The crisis that almost collapsed the financial system, the markets and the economy was a once-in-a-lifetime event for most of us. The effect was not only monetary, but psychological. Shifts in attitudes about money, financial independence, retirement, leverage and consumption may leave their marks for years to come.
Many people have seen the values of their financial assets, including real estate, drop close to 18 percent; however, few have changed their approaches to investment management. Some affluent investors suffered losses of 40 percent to 50 percent – enough to shatter their faith.
January is Financial Wellness month, so let’s take a quick look back and then think about what’s to come and how to work toward restoring some semblance of stability.
There is a lot of evidence out there to support all the scary thoughts. The 100-year flood happens about every five to seven years. Markets are never average or normal and are usually above or below the bell curve. The tools available to make investment decisions are not forward-looking. They are always historical. Can you imagine using only the rear-view mirror?
Financial advisors need to help people rebuild plans that address new economic realities and long-term goals. With my long-time clients, I still check and double check to make sure I understand their thinking and feelings. In many cases, my clients’ families have become even more important, and we include them in meetings. Mindsets continue to shift, and approaches need adjustments. Simply keeping in touch is more critical than ever. Many of my older clients are now looking to move into an active adult community when they retire; something that they did not think of doing before.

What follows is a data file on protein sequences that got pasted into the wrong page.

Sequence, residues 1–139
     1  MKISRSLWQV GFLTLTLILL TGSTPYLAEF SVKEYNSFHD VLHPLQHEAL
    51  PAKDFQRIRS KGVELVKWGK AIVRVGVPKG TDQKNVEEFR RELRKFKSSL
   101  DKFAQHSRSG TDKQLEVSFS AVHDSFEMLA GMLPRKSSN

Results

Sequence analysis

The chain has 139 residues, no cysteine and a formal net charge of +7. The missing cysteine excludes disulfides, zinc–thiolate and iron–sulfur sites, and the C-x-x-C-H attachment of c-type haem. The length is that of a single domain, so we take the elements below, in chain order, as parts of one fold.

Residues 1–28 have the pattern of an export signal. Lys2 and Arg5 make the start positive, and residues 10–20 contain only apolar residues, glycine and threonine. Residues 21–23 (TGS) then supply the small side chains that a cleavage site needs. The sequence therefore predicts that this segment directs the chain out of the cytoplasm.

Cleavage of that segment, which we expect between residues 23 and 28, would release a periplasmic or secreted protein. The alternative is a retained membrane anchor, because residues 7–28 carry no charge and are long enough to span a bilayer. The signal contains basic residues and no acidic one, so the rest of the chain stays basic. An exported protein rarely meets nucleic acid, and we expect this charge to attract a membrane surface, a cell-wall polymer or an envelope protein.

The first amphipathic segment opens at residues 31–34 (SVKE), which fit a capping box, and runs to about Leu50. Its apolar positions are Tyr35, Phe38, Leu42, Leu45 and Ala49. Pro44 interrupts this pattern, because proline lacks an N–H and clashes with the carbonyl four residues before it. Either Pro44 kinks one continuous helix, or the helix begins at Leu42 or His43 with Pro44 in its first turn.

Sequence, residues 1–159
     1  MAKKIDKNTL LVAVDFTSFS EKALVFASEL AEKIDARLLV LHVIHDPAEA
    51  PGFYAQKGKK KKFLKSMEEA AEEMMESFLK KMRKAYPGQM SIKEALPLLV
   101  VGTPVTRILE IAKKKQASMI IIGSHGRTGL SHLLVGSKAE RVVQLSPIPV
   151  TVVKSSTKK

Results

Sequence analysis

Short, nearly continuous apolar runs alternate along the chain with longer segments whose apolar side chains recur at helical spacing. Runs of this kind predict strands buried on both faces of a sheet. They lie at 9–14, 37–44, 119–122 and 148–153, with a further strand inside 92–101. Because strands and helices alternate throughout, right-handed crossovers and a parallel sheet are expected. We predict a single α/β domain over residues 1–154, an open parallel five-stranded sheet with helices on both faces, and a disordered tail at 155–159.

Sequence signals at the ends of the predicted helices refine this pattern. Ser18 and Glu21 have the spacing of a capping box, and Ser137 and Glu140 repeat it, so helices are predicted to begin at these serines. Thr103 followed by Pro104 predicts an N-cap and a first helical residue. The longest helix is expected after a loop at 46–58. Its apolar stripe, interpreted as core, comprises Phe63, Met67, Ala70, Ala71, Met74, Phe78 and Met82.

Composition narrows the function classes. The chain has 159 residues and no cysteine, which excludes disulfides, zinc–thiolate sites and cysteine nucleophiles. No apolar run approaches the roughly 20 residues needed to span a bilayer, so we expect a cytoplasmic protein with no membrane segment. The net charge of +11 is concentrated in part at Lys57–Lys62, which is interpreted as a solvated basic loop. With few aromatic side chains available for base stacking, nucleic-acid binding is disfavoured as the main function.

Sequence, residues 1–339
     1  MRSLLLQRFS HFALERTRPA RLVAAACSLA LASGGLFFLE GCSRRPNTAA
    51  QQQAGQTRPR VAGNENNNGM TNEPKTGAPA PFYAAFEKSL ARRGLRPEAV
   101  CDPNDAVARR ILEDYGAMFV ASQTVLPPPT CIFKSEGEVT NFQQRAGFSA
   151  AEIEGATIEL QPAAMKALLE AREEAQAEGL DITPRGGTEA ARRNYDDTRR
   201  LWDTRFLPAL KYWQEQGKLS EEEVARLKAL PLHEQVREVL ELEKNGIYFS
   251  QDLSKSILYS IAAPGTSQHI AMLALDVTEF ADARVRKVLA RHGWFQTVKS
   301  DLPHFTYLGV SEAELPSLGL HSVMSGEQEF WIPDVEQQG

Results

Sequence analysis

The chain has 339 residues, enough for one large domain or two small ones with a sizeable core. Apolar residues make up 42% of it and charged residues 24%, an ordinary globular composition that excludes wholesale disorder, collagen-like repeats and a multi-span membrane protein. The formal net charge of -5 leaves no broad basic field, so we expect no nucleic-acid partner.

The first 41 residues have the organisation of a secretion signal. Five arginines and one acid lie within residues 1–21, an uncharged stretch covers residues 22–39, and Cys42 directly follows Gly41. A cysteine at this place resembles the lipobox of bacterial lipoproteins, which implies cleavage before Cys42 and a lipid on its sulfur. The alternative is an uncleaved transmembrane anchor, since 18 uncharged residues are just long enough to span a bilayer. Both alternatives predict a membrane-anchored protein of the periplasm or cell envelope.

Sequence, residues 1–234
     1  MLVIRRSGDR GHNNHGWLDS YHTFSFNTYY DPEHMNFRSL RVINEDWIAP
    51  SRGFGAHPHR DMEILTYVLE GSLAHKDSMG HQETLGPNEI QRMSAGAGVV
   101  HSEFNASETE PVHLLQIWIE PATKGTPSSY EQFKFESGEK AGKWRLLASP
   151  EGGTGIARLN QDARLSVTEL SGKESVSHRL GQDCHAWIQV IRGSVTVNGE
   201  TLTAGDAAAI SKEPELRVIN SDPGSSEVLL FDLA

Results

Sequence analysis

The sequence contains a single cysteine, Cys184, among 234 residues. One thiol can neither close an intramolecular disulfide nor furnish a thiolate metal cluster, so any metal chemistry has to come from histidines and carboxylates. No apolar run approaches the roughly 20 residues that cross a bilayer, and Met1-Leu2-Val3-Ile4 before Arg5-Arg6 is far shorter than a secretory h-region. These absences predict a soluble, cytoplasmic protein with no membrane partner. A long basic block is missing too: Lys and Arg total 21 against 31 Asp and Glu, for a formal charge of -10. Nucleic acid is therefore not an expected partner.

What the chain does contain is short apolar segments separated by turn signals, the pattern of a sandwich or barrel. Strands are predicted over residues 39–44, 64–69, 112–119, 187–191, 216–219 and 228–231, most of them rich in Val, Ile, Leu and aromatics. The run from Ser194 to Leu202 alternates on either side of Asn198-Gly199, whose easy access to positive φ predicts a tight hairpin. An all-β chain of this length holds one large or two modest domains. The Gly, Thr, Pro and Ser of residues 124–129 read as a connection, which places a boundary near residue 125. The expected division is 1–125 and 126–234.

Many successful Americans come from average backgrounds and circumstances, and have worked hard to earn their success, wealth and comforts. Their financial position, investing and saving has been a source of pride. They felt they understood the rules of the game – the American dream. The sharp downturn in real estate values, falls of some of the leading financial institutions and job losses lead to weakened faith in the system.
Some have responded by shifting their behavior, reducing discretionary spending and looking for exceptional value. Psychologically, it feels wrong to be wasteful. Saving feels more moral and has increased significantly in recent months.
We’ve arrived at a time many are referring to as the new normal.
High unemployment and slow growth for the U.S. Gross Domestic Product of 1 percent to 2 percent have been forecast. This will be unacceptable to Americans, who will put pressure on politicians to encourage domestic growth. Americans are burdened with high debt and slow growth. Some are unhappy with government presence.
How do we turn the economy toward healthier growth and exports with a cheap dollar? These are questions that will continue to be explored into 2010. In the new normal, people will think and plan differently for the future.
There is a sense that the worst is over and a kind of pride in surviving the worst of times. There is a satisfaction that comes from emphasis on real needs, simple pleasures and a focus on managing what one can control. People are taking pride in their shopping skills. Shopping at thrift stores is no longer just fun and funky; it just makes more sense, in most cases, than buying new.
I’ve seen family ties that have been strengthened. In times of financial crisis, many families are forced to communicate. Even divorce rates are falling.
In the investment world, we’re focusing on quality and value, which is fundamental.
There is some evidence of renewed confidence. But investors remain cautious. Low-quality investments in the early stages of recovery may be attractive, but can be far too risky. It is important to measure the risk of investing against the risk of not investing. Staying in cash at no return won’t help in the long term.
Don’t sit and wait. Know what to fear and what may be advantageous. Embrace the new economic reality.
Contact Carson Wealth Portland financial planning.